Representational Computing

Completing a task has a representation, such as 'render image' and if requested will select a program to do so depending on criteria. If the input data is in PNG format then it must pick a program representation that can render PNG. The inputs and outputs of programs are representations themselves so the type matching works upon programs themselves.

If an operation on a particular format has not been implemented but can be readily converted into a format that supports the operation, the system can follow a chain of conversions that allow an operation to be satisfied transparently.
RC is akin to a program requesting a library that provides 'X' or 'can do X to Y' and having that library injected in. (see representations are tests)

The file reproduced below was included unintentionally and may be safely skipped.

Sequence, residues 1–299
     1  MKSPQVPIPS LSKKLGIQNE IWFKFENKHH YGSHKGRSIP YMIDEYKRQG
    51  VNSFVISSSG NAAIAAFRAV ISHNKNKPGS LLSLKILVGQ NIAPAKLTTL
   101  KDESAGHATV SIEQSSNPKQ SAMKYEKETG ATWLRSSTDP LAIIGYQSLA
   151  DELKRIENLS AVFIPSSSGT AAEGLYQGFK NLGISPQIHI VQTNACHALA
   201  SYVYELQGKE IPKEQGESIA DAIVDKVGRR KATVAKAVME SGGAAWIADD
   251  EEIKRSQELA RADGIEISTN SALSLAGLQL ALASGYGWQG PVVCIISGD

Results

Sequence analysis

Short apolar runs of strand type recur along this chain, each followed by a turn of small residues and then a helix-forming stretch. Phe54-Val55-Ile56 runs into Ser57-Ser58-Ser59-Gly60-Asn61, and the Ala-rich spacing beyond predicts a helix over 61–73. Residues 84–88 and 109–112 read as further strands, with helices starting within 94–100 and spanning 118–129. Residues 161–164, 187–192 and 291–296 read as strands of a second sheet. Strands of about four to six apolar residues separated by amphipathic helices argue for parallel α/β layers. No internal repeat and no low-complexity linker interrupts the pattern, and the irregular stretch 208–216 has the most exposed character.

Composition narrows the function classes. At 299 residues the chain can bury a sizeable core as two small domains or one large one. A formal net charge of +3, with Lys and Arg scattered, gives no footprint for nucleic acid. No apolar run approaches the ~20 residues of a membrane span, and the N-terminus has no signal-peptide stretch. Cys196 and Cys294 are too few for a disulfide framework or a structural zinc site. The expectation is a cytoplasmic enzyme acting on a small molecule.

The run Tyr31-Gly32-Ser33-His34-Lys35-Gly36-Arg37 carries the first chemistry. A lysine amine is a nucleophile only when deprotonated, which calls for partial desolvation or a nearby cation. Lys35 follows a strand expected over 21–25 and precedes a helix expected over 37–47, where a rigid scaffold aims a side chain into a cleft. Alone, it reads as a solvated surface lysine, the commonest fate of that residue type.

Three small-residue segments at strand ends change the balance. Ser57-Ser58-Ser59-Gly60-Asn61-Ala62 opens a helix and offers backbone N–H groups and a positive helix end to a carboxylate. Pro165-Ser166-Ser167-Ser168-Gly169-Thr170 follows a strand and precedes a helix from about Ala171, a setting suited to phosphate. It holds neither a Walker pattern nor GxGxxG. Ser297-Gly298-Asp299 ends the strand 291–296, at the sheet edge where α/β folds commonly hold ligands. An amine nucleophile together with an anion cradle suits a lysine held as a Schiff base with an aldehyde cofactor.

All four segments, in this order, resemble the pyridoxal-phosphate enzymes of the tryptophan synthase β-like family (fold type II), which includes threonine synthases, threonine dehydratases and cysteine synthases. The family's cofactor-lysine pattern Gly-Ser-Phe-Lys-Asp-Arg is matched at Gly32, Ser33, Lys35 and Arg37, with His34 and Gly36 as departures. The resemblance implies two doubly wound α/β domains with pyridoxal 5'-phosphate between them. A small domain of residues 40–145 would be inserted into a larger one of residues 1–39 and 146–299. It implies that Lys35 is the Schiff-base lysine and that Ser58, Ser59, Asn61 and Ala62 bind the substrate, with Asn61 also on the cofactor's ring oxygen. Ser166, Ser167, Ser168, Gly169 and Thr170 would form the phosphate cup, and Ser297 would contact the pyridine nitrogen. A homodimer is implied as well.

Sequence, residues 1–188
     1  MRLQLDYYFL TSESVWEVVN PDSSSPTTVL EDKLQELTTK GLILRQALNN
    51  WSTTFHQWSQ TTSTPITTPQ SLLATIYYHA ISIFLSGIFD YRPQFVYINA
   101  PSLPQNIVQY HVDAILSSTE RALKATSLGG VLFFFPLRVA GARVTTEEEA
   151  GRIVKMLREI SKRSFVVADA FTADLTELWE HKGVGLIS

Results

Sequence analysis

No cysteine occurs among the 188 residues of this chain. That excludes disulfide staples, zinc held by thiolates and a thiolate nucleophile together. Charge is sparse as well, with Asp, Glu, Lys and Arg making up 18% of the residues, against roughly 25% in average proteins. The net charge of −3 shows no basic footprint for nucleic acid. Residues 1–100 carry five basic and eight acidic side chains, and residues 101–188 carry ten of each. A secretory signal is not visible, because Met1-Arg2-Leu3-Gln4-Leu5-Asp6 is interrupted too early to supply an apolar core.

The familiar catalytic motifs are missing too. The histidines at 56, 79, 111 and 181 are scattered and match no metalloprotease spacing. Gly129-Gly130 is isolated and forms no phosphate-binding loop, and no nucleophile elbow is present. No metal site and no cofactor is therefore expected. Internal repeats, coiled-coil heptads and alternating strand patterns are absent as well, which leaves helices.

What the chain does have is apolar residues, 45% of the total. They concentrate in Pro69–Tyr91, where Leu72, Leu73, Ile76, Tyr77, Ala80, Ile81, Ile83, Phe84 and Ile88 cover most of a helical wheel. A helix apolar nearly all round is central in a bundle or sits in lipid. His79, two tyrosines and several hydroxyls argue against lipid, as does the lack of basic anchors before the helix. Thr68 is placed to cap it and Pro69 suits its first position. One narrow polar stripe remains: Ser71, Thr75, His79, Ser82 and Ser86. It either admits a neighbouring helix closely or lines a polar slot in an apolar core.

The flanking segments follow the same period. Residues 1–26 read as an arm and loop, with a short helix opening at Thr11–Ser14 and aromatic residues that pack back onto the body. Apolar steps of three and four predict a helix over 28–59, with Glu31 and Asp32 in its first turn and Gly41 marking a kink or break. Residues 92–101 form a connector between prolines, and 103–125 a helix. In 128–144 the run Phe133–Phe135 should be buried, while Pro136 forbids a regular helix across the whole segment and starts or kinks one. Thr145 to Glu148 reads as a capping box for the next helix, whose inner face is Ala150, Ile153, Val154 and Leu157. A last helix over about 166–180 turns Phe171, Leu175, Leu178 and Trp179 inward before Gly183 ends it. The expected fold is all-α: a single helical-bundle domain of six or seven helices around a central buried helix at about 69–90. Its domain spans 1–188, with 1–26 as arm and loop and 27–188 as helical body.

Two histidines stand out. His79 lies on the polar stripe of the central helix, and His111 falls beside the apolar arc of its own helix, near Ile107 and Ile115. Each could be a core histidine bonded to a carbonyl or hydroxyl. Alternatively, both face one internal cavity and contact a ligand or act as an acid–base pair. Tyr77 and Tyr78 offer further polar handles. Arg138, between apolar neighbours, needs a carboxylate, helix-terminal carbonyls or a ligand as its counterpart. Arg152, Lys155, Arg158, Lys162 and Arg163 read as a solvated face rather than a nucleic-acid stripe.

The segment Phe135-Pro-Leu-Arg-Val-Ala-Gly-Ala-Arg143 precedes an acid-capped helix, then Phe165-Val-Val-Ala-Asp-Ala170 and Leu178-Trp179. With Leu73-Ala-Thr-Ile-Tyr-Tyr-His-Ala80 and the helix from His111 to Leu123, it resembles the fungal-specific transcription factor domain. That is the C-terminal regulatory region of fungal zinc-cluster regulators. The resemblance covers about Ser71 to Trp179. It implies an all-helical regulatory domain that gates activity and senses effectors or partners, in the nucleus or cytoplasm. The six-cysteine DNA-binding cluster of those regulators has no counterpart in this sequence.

There are many different ways of completing a task and they can be approached from different perspectives. Given a set of inputs and the intended goal, mappings or wrappers can provide for treating one representation as another but in a more formal way than industry practice. What something wraps and what programs are wrappers is in the heads of people and not known by the machine.
There needs to be some form of proof that two libraries will be interoperable. Representations as tests could provide this promise as a developer will import the representation of a task and any library promising to satisfy this representation would have to pass the tests dictated by the representation.

Negotiation protocols
Aspect oriented programming
Type systems, Type systems in the operating system and desktop environment
Dependency Injection
Testing in the field (production code that runs tests to make decisions, such as Modernizr)
Weaving code into binaries by purpose